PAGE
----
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Negative Carbon Impact Clearing of Harmful Algal Blooms

Distinguished Research Seminar Series

20211021_Alexander H_Slocum_Event Banner
  • Date

    21 Oct 2021

  • Organiser

    Department of Industrial and Systems Engineering, PolyU

  • Time

    09:00 - 10:30

  • Venue

    Online via ZOOM  

Speaker

Prof. Alexander H. Slocum

Remarks

Meeting link will be sent to successful registrants

20211021_Alexander H_Slocum_Poster

Summary

Harmful algal blooms (HABs) in coastal waters will likely continue due to human activity releasing excess nitrogen (N) and phosphorus (P) and global warming increasing ocean temperatures.  Near China, three large marine ecosystems (LMEs) bordering China (Yellow Sea/Bohai Sea, East China Sea, and South China Sea) suffer from HABs of various types depending on the NP ratio.  In the Caribbean, Sargassum spp. blooms exacerbated by climate change and agricultural runoff are inundating Caribbean beaches, emitting toxic fumes and greenhouse gases through decomposition. HABs negatively impact tourism, artisanal fishing, shore-based industry, human health, standards-of-living, coastal ecology, and the global climate. Barriers, collection machinery, and valorization have been unable to provide sufficient, sustainable, or widespread relief, and onshore economic interests currently outweigh offshore interests.  On the other hand, considering philosophy of Taiji, HABs are acting to absorb excess nutrients and CO2 and thus a goal should be carbon negative harvesting and sequestering.  A case study will be used where a Sargassum management system is shown to be carbon negative and economically scalable across the Caribbean. Littoral Collection Modules (LCMs) have been created which can be attached to artisanal fishing boats.  LCMs collect Sargassum in nets which are brought to a barge which is towed to the deep ocean where Sargassum is pumped to ~150–200 m depth.  At this depth its buoyancy sacs collapse and it continues sinking, resulting in Sargassum Ocean Sequestration of Carbon, “SOS Carbon”. Costing and negative emissions calculations for this system show cleanup costs <$1/m3 and emissions reduction potential up to 1.356 → 3.029 tCO2e/dmt Sargassum. By establishing a negative emissions industry that builds resilience against HABs and employing local fishermen to operate LCMs achieves equitable sustainable socioeconomic goals.

Keynote Speaker

Prof. Alexander H. Slocum

Prof. Alexander H. Slocum

Walter M. May and A. Hazel May Professor of Mechanical Engineering

Department of mechanical Engineering

Massachusetts Institute of Technology (MIT)

USA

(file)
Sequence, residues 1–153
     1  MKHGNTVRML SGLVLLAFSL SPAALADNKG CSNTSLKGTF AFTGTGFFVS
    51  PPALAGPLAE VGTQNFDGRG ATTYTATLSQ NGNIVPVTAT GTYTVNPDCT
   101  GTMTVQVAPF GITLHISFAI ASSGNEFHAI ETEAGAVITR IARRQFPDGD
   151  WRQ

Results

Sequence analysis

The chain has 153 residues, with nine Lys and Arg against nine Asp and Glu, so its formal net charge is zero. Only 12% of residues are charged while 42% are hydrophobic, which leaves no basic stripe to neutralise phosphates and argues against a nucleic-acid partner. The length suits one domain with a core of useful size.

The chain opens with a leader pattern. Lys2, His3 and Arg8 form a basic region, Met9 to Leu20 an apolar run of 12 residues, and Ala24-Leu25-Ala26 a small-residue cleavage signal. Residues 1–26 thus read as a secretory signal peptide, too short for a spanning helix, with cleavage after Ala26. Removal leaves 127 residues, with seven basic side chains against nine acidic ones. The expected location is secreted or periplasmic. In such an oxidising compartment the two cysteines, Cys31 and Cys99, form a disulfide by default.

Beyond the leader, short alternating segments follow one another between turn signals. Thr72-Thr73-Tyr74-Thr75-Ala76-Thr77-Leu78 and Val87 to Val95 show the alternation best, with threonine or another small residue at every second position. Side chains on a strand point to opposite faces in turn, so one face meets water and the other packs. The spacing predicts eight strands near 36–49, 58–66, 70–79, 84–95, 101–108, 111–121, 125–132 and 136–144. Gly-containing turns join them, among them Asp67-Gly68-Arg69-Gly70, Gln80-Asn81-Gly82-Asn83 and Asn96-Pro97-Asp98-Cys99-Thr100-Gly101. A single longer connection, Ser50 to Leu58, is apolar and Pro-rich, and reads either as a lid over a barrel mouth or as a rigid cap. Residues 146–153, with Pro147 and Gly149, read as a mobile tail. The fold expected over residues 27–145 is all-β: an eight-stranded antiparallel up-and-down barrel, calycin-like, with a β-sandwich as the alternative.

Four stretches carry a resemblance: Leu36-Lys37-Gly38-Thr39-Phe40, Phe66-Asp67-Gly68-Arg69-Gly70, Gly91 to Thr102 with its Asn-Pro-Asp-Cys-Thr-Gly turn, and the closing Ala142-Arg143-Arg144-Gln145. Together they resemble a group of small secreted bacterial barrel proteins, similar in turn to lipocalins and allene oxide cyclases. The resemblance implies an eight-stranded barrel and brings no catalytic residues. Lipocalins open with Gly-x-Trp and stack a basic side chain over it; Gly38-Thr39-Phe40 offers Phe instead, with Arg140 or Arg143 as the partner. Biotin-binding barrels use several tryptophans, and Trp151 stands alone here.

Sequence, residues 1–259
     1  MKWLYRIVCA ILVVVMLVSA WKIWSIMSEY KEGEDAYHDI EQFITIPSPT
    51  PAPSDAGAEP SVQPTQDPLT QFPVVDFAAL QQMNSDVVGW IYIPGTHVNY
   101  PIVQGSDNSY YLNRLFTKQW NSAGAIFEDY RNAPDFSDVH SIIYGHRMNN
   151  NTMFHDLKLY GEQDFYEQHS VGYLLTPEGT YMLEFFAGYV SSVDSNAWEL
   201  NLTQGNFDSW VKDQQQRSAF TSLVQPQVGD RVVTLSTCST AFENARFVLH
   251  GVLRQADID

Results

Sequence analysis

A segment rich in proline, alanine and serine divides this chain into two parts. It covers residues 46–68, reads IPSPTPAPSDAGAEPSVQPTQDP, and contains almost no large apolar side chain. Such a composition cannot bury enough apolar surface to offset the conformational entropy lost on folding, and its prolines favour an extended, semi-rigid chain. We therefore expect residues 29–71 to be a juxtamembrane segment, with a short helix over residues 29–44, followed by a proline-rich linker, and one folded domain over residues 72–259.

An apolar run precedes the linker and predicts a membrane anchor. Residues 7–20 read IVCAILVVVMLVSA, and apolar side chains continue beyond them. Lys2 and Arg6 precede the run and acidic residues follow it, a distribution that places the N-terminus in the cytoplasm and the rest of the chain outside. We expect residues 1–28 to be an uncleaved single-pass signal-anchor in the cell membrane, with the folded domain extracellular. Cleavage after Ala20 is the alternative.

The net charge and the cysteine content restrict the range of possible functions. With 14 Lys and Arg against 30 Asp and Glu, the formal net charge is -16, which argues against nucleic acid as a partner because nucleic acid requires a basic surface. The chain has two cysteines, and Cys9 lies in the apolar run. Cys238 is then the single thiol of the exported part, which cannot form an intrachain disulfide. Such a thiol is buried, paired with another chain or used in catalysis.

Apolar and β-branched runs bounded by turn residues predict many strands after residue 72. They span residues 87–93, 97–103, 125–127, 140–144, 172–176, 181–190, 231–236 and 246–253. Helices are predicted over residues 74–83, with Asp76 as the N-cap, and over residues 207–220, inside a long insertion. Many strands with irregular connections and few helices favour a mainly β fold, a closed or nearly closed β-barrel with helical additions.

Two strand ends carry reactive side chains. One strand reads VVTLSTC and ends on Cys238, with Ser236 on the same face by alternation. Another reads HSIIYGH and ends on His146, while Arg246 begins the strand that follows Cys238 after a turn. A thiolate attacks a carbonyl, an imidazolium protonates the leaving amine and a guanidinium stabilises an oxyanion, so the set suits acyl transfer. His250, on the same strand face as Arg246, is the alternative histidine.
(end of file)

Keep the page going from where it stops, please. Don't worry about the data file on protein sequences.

Alexander Slocum is the Walter M. May and A. Hazel May Professor of Mechanical Engineering at MIT, a MacVicar Faculty Teaching Fellow, a Fellow of the ASME, and a member of the National Academy of Engineering.   He has 130+ patents and has helped develop 12 products that have received R&D 100 awards for “one of the one hundred best new technical products of the year”.  He pioneered the deterministic design of kinematic couplings (www.kinematic couplings.org) including the standard for all semiconductor wafer transport carriers (SEMI E57-1296).  He has helped start several successful precision manufacturing equipment companies and has a passion for working with industry to solve real problems and identify fundamental research topics. Alex is passionate about teaching and mentoring and received the 1999 Martin Luther King Jr. Leadership Award and was the Massachusetts Professor of the Year in 2000.  In 2018 he was awarded the ASME Ruth and Joel Spira Outstanding Design Educator Award. At MIT in addition to being a he has been awarded the 2010 Arthur Smith Faculty Achievement Award and the 2017 Capers and Marion MacDonald Award for Excellence in Mentoring and Advising. Teaching goes hand in hand with research, and Alex was the recipient of the Society of Manufacturing Engineer’s Frederick W. Taylor Research Medal, and the ASME Leonardo daVinci, Machine Design, and Thar Energy Awards.  His current interests focus on the development of precision machines from medical devices and instruments to energy harvesting and storage machines.  In 2010 he served on Energy Secretary Chu’s special DoE Science Team working on the Gulf Oil Spill, and in 2013 he served in the Office of Science and Technology Policy in the Executive Office of the President as the Assistant Director for Advanced Manufacturing.  Since high school days, Alex has had a passion for furniture making and carpentry.  Alex also loves sports from SCUBA to snowboarding to marathons and iron-distance triathlons, and often brings his students along to live mens et manus et cor! Read More

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